Read Psalms 23 -- 30
In Today's Reading:
David's confidence in the Great Shepherd; the King of Glory; a prayer for guidance and protection;David's love for God's House; his prayer for God's help; adoration of God's mighty power; thanksgiving for deliverance.
Verses for Today:
The Lord is my Shepherd; I shall not want. . . . He leadeth me in the paths of righteousness. . . . though I walk through the valley of the shadow of death, I will fear no evil: for Thou art with me (23:1-4).
David, the old shepherd-king who saw himself as nothing more than a sheep that needed to be led, was inspired by the Holy Spirit as he wrote Psalms 23. No other livestock requires more attention than sheep. Left alone, they can easily become separated from the flock and lose their way. Of all domesticated animals, sheep are the most defenseless and helpless.
By nature, all people are like sheep. We may blindly follow the same paths that have ruined the lives of others. Or we can become so caught up in our own affairs that we lose sight of the Good Shepherd (John 10:11) and become separated from Him.
The desire of every one of God's sheep should be to [bring] into captivity every thought to the obedience of Christ (2 Corinthians 10:5). God will guide and provide every need for the one whose mind is stayed on [Him] (Isaiah 26:3).
The trouble with most of us is that many times we decide to be our own shepherd. There is something almost terrifying about the consequences of the destructive, self-willed stubbornness of those who refuse to be led in the paths of righteousness. They are determined to go their own way, even though the path they take will inevitably lead to serious problems. It is a fact: All we like sheep have gone astray; we have turned every one to his own way; and the Lord [has] laid on Him (Christ) the iniquity of us all (53:6). The only safe way for any of us is to recognize that, without the Good Shepherd, we are as helpless and defenseless as sheep. Only then will we fully trust the Good Shepherd. We are assured of the nearness of God, His love for us, and His power to care for us through life, as well as death, and this removes all fear. David saw death as only a fleeting shadow, not as a permanent darkness; he recognized the certainty of resurrection (2 Samuel 12:23).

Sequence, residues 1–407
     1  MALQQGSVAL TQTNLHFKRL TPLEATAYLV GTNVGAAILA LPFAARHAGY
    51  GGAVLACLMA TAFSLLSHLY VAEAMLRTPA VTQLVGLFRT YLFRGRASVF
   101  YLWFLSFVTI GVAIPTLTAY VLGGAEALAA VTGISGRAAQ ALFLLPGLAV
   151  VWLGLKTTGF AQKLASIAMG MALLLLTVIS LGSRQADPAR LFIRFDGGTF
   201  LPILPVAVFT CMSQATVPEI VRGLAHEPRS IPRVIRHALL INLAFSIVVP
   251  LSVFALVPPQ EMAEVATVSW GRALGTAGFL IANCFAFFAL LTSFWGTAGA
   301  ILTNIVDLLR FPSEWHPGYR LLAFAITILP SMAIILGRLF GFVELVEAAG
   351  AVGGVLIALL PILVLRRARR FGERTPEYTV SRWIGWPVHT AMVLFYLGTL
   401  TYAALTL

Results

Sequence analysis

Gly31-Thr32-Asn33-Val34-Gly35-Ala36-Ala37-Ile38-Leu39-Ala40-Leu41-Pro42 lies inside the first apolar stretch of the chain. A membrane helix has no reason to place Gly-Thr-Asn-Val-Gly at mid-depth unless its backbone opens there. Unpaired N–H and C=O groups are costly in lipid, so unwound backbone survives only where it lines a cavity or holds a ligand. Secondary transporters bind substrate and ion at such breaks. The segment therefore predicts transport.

Even the Lord's rod and . . . staff (are a) comfort (Psalms 23:4), because we know that whom the Lord [loves] He [chastens], and [scourges] every son whom He [receives] (Hebrews 12:6). He loves us enough to correct us. The psalmist provides this God-given insight: Before I was afflicted I went astray: but now have I kept [Your] Word (Psalms 119:67).
With all earnestness, David prayed: Unto [You], O Lord, do I lift up my soul (25:1). To lift up one's soul to the Lord means more than an occasional attendance in a church worship service. It means having a steadfast desire to worship Him each and every day. Because David was truly committed to serving the Lord, he could confidently say: Surely goodness and mercy shall follow me all the days of my life: and I will dwell in the House of the Lord for ever (Psalms 23:6).
As our Shepherd (Psalms 23). Christ is the Good Shepherd [Who gives] His life for the sheep (John 10:11).
23:1 want = lack anything; 26:1 slide = waver, fall; 26:2 reins = inner self; 26:4 dissemblers = pretenders, hypocrites; 28:2 holy oracle = Holy Temple; 28:3 mischief = malice.
Government Officials: Rep. Jo Ann Davis (VA) and Rep. Collin Peterson (MN) · Pray for one more person to read through the Bible · Country: Lesotho (2 million) within the east-central part of the Republic of South Africa · Major languages: Sesotho and English · Limited religious freedom · 43% Roman Catholic; 30% Protestant; 6% ancestor worship, divination, and spirit-possession cults · Prayer Suggestion: Unite with others in prayer; God will bring your request to pass (Matthew 18:19-20).
Optional Reading: Colossians 2
Memory Verse for the Week: John 8:31-32